“Jean, it was just a dream.”
The X-Men have returned with Bryan Singer’s assembly of super-creatives, the Sing-Men, with Simon Kinsburg writing, John Ottman editing, and a star-studded cast performing. I was thoroughly entertained by the film as a whole, it was visually stunning, and the story reminded me of the comic books I used get lost in.
The antagonist, Apocalypse–played by Oscar Isaac (STAR WARS: THE FORCE AWAKENS, EX MACHINA)–seemed to lack substance in his pursuit of global genocide, and despite a millennia of collecting mutant superpowers, he seemed relatively limited, almost complacent with following through on threats against humanity recited every time he recruited a new Horseman. Isaac’s blue, ancient-steampunk character had mastered immortality, control over all matter essentially, and was ruling over ancient Egypt, giving him God status among the homo sapien society; a god of destruction, bent on eliminating “the weak” from the planet so the strong may prosper towards a better future. Sound like anyone we know? Hint: he’s tall, dark, handsome, can control magnetic fields, and just lost his entire family again– Magneto, come on down! Once again brought to life by Fassbender, and together with X-Men newbies, Storm (Alexandra Shipp, STRAIGHT OUTTA COMPTON), Angel (Ben Hardy, EASTENDERS), and Psylocke (Olivia Munn, THE NEWSROOM), the electric-indigo quintet combine their powers to form a plot and start wreaking havoc on the human race like toddlers in a Lego brick metropolis.
Bryan Singer certainly wanted to remind people just who started the ancestral chain of seven (count ’em, seven) films with this latest installment of the X-Men franchise. There were so many references back to the inaugural film in 2000 I almost wished I could have compared the movies side-by-side and count the callbacks. Many of the set environments seemed to be copied directly; Xavier’s sleek underground hallways, the elevator door chime, the mutant-finding Cerebro computer, as were the most heavily weighted lines of dialogue, especially ones shared between Xavier and Magneto. It felt, at first, like a territorial jaunt atop my nostalgia, but Singer honored his interpretation of the X-Men by gently weaving together the sixteen year gap between X-MEN and APOCALYPSE by letting the nuances enhance the story, rather than steal the spotlight. Singer also made his feelings clear with a little jab at X-MEN: THE LAST STAND–directed by Brett Ratner–wrapped in a STAR WARS gag.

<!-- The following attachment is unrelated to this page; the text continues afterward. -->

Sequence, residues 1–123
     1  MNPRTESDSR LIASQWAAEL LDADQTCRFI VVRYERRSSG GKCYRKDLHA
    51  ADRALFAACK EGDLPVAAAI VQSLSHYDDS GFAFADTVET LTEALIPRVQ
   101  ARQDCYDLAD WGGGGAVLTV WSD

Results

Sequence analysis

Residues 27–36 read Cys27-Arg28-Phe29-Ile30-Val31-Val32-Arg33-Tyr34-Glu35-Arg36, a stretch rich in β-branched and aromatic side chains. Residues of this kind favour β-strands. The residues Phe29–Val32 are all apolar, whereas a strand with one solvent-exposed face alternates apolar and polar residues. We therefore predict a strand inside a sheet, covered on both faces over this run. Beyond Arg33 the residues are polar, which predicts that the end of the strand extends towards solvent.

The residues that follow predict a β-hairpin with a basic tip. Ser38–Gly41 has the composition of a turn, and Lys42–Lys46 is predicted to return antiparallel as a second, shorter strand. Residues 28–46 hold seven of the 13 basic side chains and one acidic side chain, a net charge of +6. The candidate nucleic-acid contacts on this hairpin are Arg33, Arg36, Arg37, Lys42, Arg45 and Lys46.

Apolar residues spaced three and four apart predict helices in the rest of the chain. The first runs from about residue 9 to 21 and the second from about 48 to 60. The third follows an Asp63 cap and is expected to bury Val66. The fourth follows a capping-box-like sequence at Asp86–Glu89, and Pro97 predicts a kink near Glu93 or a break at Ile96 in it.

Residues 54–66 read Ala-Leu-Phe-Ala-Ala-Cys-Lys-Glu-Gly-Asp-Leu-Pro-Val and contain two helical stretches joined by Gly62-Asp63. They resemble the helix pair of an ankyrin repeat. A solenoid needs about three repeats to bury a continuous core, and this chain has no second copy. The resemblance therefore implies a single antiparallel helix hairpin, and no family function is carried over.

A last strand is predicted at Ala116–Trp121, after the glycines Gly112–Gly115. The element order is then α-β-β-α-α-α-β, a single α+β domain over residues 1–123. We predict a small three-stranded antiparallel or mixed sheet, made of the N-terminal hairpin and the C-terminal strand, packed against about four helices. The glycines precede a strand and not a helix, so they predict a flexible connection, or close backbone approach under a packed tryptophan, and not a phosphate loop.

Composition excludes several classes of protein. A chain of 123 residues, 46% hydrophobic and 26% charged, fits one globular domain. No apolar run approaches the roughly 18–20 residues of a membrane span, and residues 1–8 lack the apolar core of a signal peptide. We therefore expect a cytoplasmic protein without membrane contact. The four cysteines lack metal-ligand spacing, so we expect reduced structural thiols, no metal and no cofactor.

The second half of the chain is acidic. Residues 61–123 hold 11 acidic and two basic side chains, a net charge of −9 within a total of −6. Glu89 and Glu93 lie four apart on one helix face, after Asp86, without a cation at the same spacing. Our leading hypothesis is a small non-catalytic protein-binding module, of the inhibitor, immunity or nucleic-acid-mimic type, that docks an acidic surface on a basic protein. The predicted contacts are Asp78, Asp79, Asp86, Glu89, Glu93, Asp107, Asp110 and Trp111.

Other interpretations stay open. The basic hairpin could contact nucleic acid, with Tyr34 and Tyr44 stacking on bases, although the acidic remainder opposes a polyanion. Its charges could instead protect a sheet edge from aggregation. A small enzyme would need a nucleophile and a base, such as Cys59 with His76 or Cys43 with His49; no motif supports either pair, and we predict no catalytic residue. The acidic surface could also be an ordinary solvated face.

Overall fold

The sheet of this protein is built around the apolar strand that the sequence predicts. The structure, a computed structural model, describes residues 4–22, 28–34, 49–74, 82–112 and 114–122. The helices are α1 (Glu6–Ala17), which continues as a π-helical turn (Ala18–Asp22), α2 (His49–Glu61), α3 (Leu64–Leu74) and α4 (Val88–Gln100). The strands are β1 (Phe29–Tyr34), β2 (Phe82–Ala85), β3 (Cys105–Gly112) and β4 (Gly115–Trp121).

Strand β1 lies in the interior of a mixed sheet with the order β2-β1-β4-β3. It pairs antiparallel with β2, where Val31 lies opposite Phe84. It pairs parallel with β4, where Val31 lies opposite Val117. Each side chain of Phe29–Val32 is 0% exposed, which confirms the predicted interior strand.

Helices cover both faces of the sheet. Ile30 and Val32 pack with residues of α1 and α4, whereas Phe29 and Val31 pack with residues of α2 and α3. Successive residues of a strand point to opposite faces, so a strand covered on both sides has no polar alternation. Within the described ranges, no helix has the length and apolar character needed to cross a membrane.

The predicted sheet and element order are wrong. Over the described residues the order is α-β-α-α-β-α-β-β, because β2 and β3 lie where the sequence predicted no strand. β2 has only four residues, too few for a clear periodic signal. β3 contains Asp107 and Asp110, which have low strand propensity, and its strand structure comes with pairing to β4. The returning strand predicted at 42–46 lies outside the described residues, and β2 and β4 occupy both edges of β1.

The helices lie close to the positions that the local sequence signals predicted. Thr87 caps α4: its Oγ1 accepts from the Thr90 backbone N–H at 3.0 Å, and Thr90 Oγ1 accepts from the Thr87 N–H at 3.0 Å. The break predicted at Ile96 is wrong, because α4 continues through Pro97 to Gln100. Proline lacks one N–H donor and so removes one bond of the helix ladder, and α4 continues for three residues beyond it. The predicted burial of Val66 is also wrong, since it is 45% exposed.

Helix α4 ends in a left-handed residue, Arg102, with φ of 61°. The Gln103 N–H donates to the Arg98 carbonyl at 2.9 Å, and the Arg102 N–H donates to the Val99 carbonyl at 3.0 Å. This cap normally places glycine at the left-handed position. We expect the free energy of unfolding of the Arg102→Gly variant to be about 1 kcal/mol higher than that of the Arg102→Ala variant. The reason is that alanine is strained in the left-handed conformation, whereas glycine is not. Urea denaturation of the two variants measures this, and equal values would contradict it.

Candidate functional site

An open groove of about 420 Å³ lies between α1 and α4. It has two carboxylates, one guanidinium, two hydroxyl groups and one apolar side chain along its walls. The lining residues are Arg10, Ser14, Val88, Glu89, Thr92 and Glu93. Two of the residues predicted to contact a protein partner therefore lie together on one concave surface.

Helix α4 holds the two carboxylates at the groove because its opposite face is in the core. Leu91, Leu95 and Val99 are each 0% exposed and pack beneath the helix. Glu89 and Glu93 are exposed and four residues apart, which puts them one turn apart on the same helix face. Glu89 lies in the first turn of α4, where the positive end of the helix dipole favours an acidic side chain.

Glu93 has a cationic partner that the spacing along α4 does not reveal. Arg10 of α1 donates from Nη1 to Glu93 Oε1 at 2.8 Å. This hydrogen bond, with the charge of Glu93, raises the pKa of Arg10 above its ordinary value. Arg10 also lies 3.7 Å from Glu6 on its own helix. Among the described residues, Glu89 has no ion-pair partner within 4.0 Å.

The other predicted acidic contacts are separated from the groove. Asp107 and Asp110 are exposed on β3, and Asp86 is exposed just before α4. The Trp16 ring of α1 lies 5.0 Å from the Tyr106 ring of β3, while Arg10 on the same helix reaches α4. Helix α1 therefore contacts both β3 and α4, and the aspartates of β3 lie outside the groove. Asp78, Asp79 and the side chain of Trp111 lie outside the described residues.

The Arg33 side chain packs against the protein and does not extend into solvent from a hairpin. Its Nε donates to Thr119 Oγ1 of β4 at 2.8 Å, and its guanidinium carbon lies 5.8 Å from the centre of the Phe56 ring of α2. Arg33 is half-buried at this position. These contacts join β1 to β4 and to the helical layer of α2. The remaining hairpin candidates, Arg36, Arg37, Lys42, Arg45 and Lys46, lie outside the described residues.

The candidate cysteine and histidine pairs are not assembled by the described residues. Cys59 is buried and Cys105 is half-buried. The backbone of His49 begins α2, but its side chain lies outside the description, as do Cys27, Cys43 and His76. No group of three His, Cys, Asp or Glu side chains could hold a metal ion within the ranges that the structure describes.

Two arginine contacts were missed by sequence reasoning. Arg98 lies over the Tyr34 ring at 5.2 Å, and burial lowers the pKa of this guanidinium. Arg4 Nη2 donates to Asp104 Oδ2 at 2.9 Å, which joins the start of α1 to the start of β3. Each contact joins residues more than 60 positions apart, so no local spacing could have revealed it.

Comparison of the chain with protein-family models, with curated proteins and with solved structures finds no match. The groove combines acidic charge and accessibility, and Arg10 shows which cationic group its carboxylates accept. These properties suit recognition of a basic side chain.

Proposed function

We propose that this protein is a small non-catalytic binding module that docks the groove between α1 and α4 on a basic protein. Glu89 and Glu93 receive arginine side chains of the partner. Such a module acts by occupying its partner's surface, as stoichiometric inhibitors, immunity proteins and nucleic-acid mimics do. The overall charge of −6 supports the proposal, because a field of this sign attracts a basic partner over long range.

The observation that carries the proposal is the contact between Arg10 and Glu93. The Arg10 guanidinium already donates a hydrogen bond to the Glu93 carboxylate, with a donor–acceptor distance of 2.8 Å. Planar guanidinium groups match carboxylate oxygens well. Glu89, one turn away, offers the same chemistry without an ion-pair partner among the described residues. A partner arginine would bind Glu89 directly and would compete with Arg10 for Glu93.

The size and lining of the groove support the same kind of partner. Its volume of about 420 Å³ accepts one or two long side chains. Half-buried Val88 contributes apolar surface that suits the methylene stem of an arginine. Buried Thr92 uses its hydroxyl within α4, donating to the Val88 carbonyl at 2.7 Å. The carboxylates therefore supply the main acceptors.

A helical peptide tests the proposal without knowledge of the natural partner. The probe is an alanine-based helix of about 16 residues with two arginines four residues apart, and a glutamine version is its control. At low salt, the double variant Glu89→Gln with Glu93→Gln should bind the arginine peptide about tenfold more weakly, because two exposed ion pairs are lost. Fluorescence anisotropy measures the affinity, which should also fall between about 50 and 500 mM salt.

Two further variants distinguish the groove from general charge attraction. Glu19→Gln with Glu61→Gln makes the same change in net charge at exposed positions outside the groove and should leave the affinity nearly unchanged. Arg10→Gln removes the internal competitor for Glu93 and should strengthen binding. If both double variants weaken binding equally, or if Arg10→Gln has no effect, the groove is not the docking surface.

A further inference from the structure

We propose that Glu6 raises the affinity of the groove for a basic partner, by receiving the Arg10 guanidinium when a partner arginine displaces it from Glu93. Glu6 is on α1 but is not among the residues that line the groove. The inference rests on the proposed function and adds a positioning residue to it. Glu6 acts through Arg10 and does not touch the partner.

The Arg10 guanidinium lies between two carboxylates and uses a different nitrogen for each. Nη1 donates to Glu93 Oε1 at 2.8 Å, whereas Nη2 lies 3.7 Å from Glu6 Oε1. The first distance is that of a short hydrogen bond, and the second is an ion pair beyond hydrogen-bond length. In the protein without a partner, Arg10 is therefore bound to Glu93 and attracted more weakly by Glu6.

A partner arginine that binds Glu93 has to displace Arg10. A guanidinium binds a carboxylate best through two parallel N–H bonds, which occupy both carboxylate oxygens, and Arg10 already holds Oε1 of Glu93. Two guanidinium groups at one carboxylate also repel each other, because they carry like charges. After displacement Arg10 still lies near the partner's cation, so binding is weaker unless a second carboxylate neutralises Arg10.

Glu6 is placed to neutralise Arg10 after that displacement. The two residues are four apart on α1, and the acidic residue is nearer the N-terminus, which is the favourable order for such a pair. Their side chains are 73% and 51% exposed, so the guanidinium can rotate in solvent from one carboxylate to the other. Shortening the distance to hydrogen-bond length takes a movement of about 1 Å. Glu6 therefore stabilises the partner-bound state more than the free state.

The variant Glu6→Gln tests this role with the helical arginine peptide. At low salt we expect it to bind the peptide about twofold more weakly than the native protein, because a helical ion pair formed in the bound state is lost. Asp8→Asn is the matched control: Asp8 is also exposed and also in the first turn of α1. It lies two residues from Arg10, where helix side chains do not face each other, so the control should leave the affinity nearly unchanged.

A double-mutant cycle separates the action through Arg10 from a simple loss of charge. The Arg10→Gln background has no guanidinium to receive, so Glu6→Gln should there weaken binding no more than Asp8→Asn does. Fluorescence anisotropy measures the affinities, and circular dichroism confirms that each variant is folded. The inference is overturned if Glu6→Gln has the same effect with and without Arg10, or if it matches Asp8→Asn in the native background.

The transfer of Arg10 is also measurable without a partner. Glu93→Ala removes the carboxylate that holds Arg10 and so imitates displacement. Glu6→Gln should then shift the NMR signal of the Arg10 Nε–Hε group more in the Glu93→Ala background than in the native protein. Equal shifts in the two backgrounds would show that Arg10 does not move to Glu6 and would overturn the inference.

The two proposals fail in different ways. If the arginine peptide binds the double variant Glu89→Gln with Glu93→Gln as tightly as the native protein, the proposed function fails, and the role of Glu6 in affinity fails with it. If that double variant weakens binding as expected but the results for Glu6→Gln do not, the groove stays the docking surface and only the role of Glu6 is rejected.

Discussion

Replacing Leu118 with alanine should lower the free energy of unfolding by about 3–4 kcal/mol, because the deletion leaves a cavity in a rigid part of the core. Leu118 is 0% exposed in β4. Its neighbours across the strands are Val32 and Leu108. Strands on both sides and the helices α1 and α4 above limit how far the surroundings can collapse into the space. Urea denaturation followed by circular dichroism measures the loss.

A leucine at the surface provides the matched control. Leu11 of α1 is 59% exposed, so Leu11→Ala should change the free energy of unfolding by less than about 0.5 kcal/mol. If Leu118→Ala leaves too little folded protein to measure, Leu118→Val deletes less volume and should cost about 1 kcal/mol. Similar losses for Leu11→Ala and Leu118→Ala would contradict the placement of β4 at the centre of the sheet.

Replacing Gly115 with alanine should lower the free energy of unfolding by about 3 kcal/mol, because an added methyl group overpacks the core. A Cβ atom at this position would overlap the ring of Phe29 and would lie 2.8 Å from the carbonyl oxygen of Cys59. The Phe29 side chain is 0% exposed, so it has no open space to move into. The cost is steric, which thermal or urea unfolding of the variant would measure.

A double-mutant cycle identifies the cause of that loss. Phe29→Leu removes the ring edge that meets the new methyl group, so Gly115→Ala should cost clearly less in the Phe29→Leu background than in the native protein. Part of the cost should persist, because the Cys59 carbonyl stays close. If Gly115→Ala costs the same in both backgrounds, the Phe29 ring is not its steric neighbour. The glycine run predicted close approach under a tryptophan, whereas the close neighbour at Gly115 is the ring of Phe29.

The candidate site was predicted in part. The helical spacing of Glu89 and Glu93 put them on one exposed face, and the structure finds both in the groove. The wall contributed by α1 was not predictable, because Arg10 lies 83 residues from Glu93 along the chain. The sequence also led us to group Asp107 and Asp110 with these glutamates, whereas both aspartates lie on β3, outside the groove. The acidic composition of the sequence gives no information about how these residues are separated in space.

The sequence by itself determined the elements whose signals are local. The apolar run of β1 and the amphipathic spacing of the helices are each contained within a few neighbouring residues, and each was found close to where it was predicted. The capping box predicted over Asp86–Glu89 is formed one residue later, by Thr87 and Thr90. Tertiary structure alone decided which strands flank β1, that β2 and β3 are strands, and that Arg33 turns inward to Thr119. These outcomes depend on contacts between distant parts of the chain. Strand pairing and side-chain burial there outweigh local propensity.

Fassbender brings a Shakespeare-esque suffering to Magneto, and once again, he embodies a villain with a palpable energy. Apocalypse plays on his weakness towards rage and pain to manipulate Magneto’s dark side and uses him to help facilitate the incipient armageddon. One last note about the four doomsday cronies; Olivia Munn was entirely unnecessary for this film. Sorry, Liv, I LOVED you as Sloan Sabbith in NEWSROOM, but her Psylocke was just tasteless purple sprinkles overtop 5-7 total lines and a few well-aimed camera angles. Once I realized the depth of her participation on the film, it was more of a distraction from the plot than a story-moving element. A psychic blade wielding, smoldering eyes distraction.
It wouldn’t be an X-MEN film without the Wolverine cameo. Hugh Jackman owned a huge chunk of screen time, enough to hinge the plot in a critical direction. Not only that, but we finally saw a version of Wolverine I’ve always wanted to see. The “fresh out of the Weapon X” phase of the character went on a surprisingly bloody rampage through a secret government compound, leaving bodies upon bodies in his wake and killing just the right people to help get our young new heroes clear of danger. Overlooking a rather awkward attack leap, I was giddy at Hugh’s return, and it gets me pumped for the much anticipated/currently filming untitled WOLVERINE sequel.
Evan Peters (AMERICAN HORROR STORY, KICKASS) stole the show once more as the super speedy Quicksilver. His ad-lib style line delivery and telltale slow-motion action scene is showcased once again when he saves an entire school full of children, clocking about Mach 4, before a gigantic explosion vaporizes them (a detonation window around 1800 milliseconds), all while jamming out to Eurythmic’s “Sweet Dreams (Are Made of This).” The slow-motion element is used more than once in APOCALYPSE; Quicksilver shifts his gears from defense to offense while fighting the titular antagonist. I hope they continue expanding on Quicksilver’s powers, hopefully showcasing more fight scenes perhaps against another super speedster. Props to the visual effects designer, John Dykstra, for knocking this one out of the park.
Overall, X-MEN: APOCALYPSE held together as a great film and showcased the proper level of every movie element for modern-day cinematic storytelling.